A Christmas Present
With the festive season coming up fast its time to drop all talk of recession and other matters gloomy! Children small, and not so small, will not be thinking about the coming budget, but thinking about what they might get for Christmas, especially those who are still small enough to expect a visit from Santa. One of these presents, very often requested, comes in the shape of a small lively kitten that from day one demands your constant attention. The following tale concerns one such animal. We didn’t get him for Christmas and he wasn’t a present: he was more or less a rescue operation. I first wrote briefly about him twelve years ago and how he became one of us, a very small bundle of yellow fur deserted by his mother Sitting in a doorway in the yard he was yowling his head off letting all and sundry know that he was cold, hungry, and deserted. The Missus introduced him to a saucer of milk, which he dispatched with gusto then settled down for a sleep.
Perhaps at this stage I should explain as to how we chose his name. When picking a name for a pet we have always tried to pick one that corresponds to some world event, that way it’s easy to remember their age. Hurricane Floyd had raged across the southern States at the time we got Tyson, so Floyd was the first choice though we didn’t like it much. As a small kitten he spent a lot of his time on my shoulder if I was at the computer. He would sleep there for ages then wake up and start playing with my ear lobe; then one day he bit it, hence the name Tyson after the boxer. Tyson Floyd seemed to run smoothly, so we settled on that!
We had another house pet at the time, a Jack Russell called Scud, and it was obvious that introductions would have to be done with great care for Jack Russell’s are snappy little animals and don’t take prisoners if annoyed, especially by nosy little kittens, so I cobbled up a wire door on a tea chest, put in a piece of blanket plus scratch tray and feed dish, and it became Tyson’s abode. He took to it like a duck to water and when it became time to leave the door open he would retire into it for a sleep, which was often. Scud usually slept in an armchair! They quickly became acquainted and when Tyson was big enough to jump into a chair he usually chose the one that Scud occupied. There they would curl up together until the next feed time! It was an unusual acquaintanceship to say the least.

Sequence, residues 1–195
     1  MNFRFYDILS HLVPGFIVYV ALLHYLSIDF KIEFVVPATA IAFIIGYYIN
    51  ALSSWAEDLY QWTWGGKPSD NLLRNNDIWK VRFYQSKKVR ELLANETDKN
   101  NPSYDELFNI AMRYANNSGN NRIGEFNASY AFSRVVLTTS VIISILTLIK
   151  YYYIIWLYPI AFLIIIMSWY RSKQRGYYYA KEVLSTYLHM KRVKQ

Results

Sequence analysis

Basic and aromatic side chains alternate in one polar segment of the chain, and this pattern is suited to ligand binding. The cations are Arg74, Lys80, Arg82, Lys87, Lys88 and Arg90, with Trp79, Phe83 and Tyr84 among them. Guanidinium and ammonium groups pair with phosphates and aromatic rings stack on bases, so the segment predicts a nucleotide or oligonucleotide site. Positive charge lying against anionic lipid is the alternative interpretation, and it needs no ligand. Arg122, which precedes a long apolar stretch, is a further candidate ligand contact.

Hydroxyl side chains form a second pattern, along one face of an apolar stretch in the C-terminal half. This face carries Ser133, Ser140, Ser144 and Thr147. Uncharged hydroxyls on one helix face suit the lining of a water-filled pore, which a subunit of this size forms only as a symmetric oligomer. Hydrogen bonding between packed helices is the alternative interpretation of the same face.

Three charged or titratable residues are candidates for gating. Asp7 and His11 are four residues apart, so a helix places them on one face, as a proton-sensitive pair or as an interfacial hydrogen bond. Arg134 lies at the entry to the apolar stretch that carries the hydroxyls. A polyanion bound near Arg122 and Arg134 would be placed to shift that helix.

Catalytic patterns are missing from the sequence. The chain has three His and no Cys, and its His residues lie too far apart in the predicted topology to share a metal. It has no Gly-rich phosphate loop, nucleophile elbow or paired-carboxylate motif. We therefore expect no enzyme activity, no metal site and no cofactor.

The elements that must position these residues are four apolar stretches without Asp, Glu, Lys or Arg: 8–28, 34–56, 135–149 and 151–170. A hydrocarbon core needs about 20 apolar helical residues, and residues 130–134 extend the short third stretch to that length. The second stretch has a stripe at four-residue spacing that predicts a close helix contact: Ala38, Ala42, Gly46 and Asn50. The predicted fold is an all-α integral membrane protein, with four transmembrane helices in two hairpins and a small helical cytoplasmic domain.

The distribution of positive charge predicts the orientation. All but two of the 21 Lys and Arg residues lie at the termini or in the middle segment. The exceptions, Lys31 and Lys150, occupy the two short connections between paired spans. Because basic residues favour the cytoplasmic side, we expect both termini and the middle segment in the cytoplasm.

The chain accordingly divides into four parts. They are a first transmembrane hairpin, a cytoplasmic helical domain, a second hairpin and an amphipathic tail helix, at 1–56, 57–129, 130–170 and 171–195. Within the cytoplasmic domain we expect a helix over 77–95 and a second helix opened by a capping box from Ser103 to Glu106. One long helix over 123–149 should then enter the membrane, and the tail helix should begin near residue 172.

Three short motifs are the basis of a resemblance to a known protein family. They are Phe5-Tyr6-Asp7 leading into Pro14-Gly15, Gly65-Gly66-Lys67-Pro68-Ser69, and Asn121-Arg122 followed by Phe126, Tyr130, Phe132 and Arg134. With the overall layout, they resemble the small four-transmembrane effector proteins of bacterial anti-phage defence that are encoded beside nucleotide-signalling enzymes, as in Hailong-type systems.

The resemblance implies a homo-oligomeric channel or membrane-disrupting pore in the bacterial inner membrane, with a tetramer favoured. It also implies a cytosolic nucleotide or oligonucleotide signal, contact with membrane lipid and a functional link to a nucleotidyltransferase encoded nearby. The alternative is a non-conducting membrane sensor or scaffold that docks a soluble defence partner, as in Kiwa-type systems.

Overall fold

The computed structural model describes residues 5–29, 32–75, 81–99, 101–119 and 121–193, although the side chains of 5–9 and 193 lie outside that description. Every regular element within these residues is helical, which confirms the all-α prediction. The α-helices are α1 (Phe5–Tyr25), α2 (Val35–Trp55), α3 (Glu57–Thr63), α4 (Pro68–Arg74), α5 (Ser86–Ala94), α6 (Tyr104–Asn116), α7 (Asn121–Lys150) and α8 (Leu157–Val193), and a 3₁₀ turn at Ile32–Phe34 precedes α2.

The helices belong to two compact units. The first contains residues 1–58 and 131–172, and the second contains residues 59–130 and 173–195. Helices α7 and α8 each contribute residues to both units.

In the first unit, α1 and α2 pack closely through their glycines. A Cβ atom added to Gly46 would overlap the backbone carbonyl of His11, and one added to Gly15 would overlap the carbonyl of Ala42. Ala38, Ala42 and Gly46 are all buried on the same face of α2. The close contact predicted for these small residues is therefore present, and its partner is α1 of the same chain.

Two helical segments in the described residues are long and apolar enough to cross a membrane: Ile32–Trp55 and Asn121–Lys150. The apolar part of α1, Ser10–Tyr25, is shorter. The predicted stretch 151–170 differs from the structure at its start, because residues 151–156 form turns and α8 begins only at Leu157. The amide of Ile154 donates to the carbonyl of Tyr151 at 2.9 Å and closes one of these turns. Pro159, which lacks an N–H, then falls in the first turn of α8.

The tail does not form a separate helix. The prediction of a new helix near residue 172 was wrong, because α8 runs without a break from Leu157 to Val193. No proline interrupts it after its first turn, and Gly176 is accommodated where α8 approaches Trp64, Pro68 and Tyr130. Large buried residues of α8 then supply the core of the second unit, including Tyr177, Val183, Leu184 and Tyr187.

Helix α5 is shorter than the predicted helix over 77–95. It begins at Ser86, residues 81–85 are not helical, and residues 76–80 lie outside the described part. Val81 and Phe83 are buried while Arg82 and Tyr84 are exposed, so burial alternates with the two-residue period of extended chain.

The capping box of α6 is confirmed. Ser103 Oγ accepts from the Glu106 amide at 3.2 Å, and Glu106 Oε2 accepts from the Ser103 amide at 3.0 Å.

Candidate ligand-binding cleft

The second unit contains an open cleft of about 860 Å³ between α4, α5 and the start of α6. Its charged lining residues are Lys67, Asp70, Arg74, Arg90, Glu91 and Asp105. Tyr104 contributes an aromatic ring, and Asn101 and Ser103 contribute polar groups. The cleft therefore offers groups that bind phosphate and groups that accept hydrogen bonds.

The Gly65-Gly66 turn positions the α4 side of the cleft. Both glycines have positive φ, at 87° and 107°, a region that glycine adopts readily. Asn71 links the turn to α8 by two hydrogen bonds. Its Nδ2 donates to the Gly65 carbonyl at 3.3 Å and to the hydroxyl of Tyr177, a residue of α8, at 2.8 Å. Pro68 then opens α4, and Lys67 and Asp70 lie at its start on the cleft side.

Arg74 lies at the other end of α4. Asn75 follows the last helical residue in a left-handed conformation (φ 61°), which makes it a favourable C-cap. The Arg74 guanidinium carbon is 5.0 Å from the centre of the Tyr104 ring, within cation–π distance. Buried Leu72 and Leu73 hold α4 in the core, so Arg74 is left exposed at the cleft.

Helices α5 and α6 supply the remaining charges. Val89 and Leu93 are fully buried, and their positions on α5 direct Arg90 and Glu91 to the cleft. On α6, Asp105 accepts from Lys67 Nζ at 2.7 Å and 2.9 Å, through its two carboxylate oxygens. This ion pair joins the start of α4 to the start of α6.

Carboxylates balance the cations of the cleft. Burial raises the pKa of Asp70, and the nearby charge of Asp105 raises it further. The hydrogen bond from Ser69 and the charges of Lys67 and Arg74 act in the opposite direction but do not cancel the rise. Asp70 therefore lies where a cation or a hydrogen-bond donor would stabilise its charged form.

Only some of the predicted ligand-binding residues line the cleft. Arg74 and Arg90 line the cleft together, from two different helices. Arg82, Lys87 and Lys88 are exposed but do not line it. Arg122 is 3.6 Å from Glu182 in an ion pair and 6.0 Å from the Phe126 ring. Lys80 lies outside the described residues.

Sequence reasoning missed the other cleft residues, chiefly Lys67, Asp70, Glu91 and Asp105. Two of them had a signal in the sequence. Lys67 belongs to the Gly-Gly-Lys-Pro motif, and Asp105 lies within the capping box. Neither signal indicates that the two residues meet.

Scud reached the ripe old age of seventeen before he passed on to his happy hunting ground: Tyson was now on his own. All cats and dogs in their wild state are pack animals and so it is with domesticated ones, and if they cannot hook up with their own kind they’ll settle for the next best thing, humans. It was at this stage that Tyson became family; in short, he adopted us on his terms. He would have nothing to do with the cats in the yard, treating them with utter distain and contempt. Independent creatures that they are he laid down the ground rules, but nevertheless we always thought of him as a programmed creature, or put another way he followed a routine. When we got up he got up, same at bedtime, and he followed us everywhere. If the Missus was gardening he sat nearby watching her every move. When very small she made a pouch for him, popped him in it, and slung it round her neck. From time to time he would take a peek just checking on his whereabouts. If I was doing something in the workshop he hopped up on the workbench and watched proceedings, except when operating the angle grinder or welder. As a young animal he had a passion for tree climbing. Like all cats he was adept at climbing, but coming down was a different matter and many’s the time a ladder and me had to come to his rescue. I fitter a cat flap for him in a window and he caught on in double quick time using it at night time when he went hunting. In the small hours we would sometimes hear it go clip clap, and a few seconds later wet whiskers would be pushed into your face seeking the warmth and comfort of a warm bed. Once he brought in a live mouse and let it go on the bed. There was all Hell to pay! He was a timid little cat and hardly ever meowed; if he wanted something such as grub in his dish he just sat beside it and gazed at you hoping you’d get the message. He was not a lap cat, and if picked up would wriggle free and settle on your shoulder, or the back of the chair you sat in; independence personified.
Exactly a year ago was the first signs of trouble; he was finding it difficult to pass urine. We took him to the vet who was very honest and told us that an operation was about 50/50 chance of success. We gave him the go ahead to operate, but as time passed it became clear that the vet was fighting a losing battle, and we were holding on for our own selfish reasons. It was time to think of Tyson and his welfare. Last month we made the big decision and Edward his vet took him out of his misery. He is buried beside his pal Scud, and if perchance there’s a happy hereafter for animals I’ve no doubt they have got together and are making up for lost time!
To conclude, I would appeal to all parents to impress on their kids that all small furry animals be they puppies or kittens will grow into full grown adult animals but nevertheless will require the same care and attention for the duration of their lives. Cats or dogs, if properly cared, for will leave paw prints on our hearts! Jeffers.